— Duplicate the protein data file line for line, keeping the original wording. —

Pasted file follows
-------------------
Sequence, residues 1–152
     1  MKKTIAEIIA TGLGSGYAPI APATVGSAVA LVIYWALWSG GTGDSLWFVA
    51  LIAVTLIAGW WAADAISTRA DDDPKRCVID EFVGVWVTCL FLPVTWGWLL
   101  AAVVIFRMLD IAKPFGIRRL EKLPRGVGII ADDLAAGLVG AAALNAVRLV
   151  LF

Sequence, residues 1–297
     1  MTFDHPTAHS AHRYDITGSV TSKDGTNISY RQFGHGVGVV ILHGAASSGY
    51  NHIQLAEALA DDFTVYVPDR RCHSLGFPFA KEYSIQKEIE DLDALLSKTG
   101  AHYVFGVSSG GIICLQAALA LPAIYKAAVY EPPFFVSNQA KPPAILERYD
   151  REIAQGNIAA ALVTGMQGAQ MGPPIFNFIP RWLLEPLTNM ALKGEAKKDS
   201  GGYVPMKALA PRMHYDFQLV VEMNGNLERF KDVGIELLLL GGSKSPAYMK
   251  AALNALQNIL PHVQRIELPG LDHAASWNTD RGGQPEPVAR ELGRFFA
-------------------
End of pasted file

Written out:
Sequence, residues 1–152
     1  MKKTIAEIIA TGLGSGYAPI APATVGSAVA LVIYWALWSG GTGDSLWFVA
    51  LIAVTLIAGW WAADAISTRA DDDPKRCVID EFVGVWVTCL FLPVTWGWLL
   101  AAVVIFRMLD IAKPFGIRRL EKLPRGVGII ADDLAAGLVG AAALNAVRLV
   151  LF

Sequence, residues 1–297
     1  MTFDHPTAHS AHRYDITGSV TSKDGTNISY RQFGHGVGVV ILHGAASSGY
    51  NHIQLAEALA DDFTVYVPDR RCHSLGFPFA KEYSIQKEIE DLDALLSKTG
   101  AHYVFGVSSG GIICLQAALA LPAIYKAAVY EPPFFVSNQA KPPAILERYD
   151  REIAQGNIAA ALVTGMQGAQ MGPPIFNFIP RWLLEPLTNM ALKGEAKKDS
   201  GGYVPMKALA PRMHYDFQLV VEMNGNLERF KDVGIELLLL GGSKSPAYMK
   251  AALNALQNIL PHVQRIELPG LDHAASWNTD RGGQPEPVAR ELGRFFA